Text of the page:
Decatur pushing debt limit with bond requestLeft to right: School Board members Bernadette Seals, Garrett Goebel and Superintendent Phyllis Edwards listen during a presentation about a bond request for City Schools of Decatur. Photo by Dan Whisenhunt
This story has been updated.
Sit down. Pull up a chair.
We need to have a serious conversation about the city of Decatur’s debt.
Now, back in February of last year, Decaturish reported that the city has borrowed $154.2 million since 2005. Since that happened, City Schools of Decatur decided to borrow about $18 million more to begin the process of expanding its schools.
So that’s $172.2 million issued by the city and its school system for capital projects, like the Beacon Municipal Center that now houses the City Schools of Decatur Central Office.
It’s all connected, by the way. The city of Decatur backs both municipal and school debts. And there’s a limit.
As the School Board sat in the new municipal center on Feb. 10, they saw the city approaching that limit. The School Board needs to issue even more debt to expand its current facilities. Decatur’s constitutional debt limit is 10 percent of the assessed value of its current tax digest, according to Dianne McNabb with Public Financial Management, an advisor for CSD.
At the end of the School Board meeting, board members unanimously decided they’d ask the Decatur City Commission to put an $82 million bond referendum on the ballot this year. But that would only allow the school system to build out its facilities to accommodate about 90 percent of its enrollment projections. Those projections are for low-growth enrollment without annexation.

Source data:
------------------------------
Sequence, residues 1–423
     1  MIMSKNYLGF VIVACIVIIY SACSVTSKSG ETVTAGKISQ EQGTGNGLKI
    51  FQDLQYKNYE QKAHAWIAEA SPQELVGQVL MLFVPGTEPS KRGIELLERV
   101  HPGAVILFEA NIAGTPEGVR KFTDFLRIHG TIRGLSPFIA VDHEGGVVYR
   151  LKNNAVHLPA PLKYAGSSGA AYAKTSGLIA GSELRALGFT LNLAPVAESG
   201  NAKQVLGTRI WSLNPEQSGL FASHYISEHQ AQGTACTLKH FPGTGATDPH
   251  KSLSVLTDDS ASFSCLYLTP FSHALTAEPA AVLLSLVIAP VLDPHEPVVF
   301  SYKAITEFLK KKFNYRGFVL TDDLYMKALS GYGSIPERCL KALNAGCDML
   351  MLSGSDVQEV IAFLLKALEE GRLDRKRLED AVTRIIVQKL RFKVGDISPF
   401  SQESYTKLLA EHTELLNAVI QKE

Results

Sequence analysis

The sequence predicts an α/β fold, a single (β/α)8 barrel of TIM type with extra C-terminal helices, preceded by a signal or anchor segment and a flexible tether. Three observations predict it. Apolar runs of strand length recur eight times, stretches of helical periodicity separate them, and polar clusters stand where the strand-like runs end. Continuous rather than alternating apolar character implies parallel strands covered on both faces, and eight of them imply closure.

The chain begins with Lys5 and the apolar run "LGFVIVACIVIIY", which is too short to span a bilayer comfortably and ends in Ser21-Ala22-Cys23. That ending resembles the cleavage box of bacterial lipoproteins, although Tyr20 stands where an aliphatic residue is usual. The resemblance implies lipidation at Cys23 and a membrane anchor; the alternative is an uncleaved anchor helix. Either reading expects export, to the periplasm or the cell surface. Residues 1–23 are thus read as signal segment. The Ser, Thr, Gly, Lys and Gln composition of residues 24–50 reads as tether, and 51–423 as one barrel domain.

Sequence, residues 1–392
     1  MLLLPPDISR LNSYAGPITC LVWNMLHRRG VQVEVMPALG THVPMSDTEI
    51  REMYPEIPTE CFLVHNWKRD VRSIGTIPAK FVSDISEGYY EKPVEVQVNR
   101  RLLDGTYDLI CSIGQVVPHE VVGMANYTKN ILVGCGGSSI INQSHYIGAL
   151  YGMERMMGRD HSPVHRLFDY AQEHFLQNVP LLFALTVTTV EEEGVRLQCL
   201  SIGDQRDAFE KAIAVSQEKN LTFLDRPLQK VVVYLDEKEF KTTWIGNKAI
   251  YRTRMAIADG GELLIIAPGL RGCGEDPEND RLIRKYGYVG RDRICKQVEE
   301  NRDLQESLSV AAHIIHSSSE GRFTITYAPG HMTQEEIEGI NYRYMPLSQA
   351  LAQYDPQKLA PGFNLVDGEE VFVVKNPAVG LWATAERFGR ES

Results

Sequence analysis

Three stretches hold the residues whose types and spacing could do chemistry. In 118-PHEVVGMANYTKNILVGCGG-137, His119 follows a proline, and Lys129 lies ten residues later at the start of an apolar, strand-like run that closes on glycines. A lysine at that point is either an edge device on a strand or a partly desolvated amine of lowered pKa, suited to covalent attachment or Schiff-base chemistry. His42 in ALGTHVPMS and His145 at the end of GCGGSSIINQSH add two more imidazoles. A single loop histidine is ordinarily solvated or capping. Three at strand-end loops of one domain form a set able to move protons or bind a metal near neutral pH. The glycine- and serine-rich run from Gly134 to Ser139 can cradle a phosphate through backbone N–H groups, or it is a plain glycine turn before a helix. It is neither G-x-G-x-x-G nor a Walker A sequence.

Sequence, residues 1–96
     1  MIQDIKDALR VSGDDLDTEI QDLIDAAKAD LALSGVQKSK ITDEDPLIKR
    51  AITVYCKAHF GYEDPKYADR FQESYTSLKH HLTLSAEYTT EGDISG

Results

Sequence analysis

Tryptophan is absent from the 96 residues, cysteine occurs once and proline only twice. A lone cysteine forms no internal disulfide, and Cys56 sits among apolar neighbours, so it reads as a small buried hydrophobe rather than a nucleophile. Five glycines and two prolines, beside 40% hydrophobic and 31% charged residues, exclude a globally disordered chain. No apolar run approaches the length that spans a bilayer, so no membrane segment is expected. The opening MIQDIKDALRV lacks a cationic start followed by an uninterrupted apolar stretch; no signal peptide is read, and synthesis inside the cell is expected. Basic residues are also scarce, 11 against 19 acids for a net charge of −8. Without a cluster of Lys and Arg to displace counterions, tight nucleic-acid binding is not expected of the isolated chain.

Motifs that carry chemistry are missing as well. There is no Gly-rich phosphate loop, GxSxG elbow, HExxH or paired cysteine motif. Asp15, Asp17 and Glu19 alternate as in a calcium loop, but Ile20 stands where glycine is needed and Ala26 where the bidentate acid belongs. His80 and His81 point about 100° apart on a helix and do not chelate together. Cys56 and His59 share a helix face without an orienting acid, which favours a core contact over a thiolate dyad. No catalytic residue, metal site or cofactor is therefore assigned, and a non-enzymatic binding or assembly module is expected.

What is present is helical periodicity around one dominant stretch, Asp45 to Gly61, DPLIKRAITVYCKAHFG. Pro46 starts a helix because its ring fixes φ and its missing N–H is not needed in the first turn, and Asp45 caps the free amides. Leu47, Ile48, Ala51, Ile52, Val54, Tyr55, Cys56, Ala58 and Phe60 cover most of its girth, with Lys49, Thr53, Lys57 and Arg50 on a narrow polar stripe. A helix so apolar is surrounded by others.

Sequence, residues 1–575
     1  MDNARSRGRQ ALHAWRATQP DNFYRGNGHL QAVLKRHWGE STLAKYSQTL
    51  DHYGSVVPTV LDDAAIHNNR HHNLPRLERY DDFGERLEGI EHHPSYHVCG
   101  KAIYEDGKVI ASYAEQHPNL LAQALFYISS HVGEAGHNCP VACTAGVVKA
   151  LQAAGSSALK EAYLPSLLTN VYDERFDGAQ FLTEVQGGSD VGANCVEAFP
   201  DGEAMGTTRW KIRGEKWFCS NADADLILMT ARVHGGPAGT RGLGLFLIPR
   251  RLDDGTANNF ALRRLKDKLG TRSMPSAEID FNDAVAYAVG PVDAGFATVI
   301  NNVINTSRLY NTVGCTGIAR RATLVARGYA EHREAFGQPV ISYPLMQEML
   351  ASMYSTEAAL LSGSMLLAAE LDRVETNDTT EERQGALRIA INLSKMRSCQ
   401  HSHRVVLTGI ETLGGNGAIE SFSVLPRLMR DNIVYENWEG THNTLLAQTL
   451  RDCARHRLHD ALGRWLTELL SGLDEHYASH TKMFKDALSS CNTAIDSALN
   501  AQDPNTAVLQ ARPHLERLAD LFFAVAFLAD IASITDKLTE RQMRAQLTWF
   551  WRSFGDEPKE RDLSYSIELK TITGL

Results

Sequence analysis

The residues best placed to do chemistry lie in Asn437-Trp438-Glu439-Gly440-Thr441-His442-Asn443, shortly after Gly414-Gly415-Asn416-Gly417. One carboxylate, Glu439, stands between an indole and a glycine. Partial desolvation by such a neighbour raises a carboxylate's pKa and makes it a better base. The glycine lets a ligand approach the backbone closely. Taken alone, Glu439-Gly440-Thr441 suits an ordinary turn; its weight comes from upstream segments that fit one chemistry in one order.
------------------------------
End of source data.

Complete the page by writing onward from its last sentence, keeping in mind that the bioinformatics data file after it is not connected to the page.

“What do we do with the other 10 percent of the kids,” board member Lewis Jones asked.
“That’s the problem,” replied Jeff Prine, president of CSD consultant ASCENSION Program Management.
Why would CSD only ask for $82 million when it needs more to build enough classrooms to meet enrollment projections? Because adding $82 million would bump up against the city’s limit.
“That would get us real close cap,” McNabb told School Board members.
McNabb did not know what the exact cap is at the moment for the city’s debt. The numbers were slippery throughout the Feb. 10 presentation about a potential bond referendum. But it became clear during the meeting that borrowing $82 million was putting the city into a position where it would be unconstitutional to borrow any more money.
That means if CSD asks, and receives, the full $82 million that the city would be hard-pressed to pay for other capital projects.
Are you still sitting down? There’s more.
A bond issue would have to be approved by the voters. Taxpayers would have willingly increase their own millage rate by 4.84 mills if the city borrows $82 million for its schools. For a $300,000 home, that’s $726.51 in additional taxes per year, starting in 2017. For a $700,000 home, that’s an additional $1,695 in taxes.